|Publication number||US4678969 A|
|Application number||US 06/506,928|
|Publication date||Jul 7, 1987|
|Filing date||Jun 22, 1983|
|Priority date||Jun 22, 1983|
|Also published as||CA1249084A, CA1249084A1, DE3423115A1|
|Publication number||06506928, 506928, US 4678969 A, US 4678969A, US-A-4678969, US4678969 A, US4678969A|
|Inventors||Kurt R. Schwerdt, Gerald B. Levine|
|Original Assignee||Raytheon Company|
|Export Citation||BiBTeX, EndNote, RefMan|
|Patent Citations (12), Referenced by (2), Classifications (13), Legal Events (5)|
|External Links: USPTO, USPTO Assignment, Espacenet|
This invention relates to the display of weather or other shaded patterns on a cathode-ray tube. More particularly, it relates to apparatus for widening an electron beam of a cathode-ray tube in order to fill in the area between raster lines generated by a random access cursive display from data stored in a refresh memory permitting use of far fewer raster lines than in conventional raster displays.
The display of weather data on synthetic digital situation displays used for air traffic control and tactical military command and control is a valuable feature. The weather phenomenon typically covers one or more areas of the display and has one or more levels of intensity. Weather data describing a phenomenon (e.g., precipitation) is frequently derived from the same sensor as used for surveillance such as a primary radar; however, it may also be derived from a separate sensor(s) used specifically for weather detection and superimposed on the situation display. The problem addressed by this invention is the presentation of weather data on a random access, cursive (stroke) display in a form that is natural, unambiguous and consistent with the limitations of cursive display generation.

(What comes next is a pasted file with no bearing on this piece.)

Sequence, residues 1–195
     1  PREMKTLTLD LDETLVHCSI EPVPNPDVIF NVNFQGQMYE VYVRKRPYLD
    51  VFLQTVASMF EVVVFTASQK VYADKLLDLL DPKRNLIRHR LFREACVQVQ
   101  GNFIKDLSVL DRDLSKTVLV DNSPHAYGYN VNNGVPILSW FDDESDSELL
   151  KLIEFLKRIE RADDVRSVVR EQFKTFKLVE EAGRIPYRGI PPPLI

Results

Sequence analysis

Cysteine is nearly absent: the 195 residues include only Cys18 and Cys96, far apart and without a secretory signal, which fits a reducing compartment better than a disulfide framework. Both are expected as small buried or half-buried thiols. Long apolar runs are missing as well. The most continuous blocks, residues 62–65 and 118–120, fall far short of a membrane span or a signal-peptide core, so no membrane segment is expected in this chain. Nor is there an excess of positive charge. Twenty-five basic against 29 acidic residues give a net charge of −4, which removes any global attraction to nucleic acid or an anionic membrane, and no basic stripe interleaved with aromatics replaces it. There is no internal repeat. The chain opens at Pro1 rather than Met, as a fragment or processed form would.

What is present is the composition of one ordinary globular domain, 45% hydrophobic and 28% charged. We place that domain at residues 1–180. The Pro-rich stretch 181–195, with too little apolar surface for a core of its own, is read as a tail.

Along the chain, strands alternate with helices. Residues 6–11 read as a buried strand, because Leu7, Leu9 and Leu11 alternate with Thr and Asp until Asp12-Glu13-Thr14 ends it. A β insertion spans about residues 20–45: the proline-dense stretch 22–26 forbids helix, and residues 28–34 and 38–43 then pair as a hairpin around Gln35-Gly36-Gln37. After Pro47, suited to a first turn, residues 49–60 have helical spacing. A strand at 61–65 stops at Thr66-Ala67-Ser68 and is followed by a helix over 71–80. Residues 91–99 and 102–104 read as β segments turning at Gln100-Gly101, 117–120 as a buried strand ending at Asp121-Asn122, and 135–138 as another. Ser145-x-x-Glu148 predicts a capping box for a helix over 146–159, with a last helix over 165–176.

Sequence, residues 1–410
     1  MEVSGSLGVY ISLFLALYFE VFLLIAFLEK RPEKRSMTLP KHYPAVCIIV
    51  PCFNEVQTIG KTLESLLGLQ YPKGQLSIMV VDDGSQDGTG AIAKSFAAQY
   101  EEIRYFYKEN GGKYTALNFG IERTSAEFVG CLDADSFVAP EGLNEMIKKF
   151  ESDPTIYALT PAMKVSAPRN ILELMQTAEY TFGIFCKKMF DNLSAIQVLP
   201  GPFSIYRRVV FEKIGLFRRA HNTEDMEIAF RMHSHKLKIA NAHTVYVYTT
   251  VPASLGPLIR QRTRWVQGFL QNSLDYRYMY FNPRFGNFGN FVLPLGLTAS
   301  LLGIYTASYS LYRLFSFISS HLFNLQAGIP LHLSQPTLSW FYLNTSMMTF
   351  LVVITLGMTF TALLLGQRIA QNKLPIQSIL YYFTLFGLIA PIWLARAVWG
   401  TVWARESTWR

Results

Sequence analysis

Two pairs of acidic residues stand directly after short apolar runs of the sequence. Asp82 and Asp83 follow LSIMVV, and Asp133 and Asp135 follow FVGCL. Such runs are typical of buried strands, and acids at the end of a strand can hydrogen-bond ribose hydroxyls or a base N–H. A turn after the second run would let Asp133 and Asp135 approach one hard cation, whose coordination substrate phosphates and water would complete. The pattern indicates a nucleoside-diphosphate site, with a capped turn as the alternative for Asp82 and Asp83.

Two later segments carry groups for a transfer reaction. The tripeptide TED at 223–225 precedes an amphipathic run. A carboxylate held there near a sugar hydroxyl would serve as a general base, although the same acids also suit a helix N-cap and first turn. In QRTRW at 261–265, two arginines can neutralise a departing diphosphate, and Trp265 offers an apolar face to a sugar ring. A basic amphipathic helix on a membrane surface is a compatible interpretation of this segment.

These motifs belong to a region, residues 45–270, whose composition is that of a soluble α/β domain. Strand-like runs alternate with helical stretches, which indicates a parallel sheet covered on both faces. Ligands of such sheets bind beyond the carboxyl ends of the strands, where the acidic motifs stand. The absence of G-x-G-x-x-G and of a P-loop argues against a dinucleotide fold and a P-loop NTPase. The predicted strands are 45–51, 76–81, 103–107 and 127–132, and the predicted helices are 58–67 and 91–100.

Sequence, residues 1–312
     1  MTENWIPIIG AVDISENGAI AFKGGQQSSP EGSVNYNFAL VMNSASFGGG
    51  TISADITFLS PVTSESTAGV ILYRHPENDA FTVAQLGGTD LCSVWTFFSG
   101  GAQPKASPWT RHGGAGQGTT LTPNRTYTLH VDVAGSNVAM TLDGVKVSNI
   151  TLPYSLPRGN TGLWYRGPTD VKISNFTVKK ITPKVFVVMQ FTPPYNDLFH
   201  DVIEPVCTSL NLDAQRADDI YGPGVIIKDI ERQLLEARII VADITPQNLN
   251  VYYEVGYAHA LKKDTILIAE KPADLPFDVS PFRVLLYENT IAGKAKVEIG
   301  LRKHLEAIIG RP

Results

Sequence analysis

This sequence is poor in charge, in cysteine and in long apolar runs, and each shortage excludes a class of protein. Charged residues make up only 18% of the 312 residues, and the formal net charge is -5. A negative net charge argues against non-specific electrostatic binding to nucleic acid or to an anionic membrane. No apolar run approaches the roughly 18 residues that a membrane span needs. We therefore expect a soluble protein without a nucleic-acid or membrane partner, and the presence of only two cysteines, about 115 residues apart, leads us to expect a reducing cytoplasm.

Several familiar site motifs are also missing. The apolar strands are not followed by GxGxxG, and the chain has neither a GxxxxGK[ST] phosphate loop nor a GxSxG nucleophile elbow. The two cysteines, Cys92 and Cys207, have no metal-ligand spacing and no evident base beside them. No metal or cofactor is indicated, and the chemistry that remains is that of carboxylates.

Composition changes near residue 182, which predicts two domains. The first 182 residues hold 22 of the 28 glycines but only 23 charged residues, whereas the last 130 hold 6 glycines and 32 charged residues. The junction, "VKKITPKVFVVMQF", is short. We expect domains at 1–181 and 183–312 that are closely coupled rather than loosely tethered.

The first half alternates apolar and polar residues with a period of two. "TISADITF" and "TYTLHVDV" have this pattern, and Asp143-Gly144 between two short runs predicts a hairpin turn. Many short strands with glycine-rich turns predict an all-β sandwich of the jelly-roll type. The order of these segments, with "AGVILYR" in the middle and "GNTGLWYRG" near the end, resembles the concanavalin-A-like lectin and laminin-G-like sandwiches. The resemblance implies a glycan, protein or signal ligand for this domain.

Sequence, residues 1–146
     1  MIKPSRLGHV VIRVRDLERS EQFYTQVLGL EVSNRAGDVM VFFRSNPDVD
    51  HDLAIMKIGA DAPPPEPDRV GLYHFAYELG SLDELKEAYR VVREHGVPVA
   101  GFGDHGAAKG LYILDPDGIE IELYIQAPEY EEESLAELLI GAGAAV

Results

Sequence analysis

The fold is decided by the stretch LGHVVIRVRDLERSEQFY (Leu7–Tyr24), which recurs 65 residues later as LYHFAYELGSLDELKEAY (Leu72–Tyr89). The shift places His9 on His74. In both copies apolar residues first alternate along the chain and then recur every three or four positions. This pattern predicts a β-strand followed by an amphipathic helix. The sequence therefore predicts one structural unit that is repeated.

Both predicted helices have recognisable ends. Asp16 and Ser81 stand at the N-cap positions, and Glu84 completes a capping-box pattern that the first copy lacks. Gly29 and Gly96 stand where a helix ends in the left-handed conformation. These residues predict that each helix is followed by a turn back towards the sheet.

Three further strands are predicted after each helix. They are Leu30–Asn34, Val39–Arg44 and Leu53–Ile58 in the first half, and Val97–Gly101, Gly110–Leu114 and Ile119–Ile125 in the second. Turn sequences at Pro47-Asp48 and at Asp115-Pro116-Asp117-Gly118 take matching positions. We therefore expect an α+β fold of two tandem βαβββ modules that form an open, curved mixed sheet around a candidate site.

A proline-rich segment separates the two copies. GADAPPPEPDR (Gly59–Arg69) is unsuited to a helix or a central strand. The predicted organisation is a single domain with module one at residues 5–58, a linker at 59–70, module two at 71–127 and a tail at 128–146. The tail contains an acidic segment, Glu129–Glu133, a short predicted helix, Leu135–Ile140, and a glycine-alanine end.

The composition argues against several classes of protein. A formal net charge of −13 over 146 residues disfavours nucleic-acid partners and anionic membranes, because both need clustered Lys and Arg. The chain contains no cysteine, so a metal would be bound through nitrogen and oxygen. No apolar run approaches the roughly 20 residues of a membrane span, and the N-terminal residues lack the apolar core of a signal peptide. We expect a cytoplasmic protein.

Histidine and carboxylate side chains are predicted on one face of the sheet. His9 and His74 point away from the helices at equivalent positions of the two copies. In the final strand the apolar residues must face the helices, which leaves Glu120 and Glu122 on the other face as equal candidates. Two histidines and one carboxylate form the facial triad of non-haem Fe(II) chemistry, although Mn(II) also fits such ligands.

In current cursive display systems, the weather data is digitized and displayed as a series of contour lines and symbols, or hatch lines (radial or rectilinear) and symbols covering the weather area. This data is easily confused with and sometimes obscures other displayed data such as map lines, target symbology and radar data, particularly on a monochrome display. In earlier analog PPI displays, weather information is available in the broadband video signal and is displayed as clutter areas. Similarly on TV raster based display systems, weather is displayed as solid or filled-in areas of "clutter". Variations in weather are represented by intensity or color variations. This filled-in or continuous effect method for displaying weather is desirable based on human factors considerations relating to perception of the weather relative to other data on the display.
This invention discloses an apparatus for displaying weather data concurrently with target and graphics data on a cathode-ray tube of a display system. When weather data is to be displayed, a pseudo-raster pattern of lines are generated by the electron beam which is widened in a direction normal to the movement of the beam for substantially filling in the spaces between the raster pattern lines. A control signal stored in a refresh memory with the weather data causes the electron beam to be widened. A stigmator coil, disposed around the neck of the cathode-ray tube, generates magnetic flux lines when energized with drive current from a stigmator coil driver; resulting magnetic forces produce the widened, eliptically shaped electron beam. Line width control means maintains a constant line width for varying beam intensities or varying screen positions of the scanning electron beam.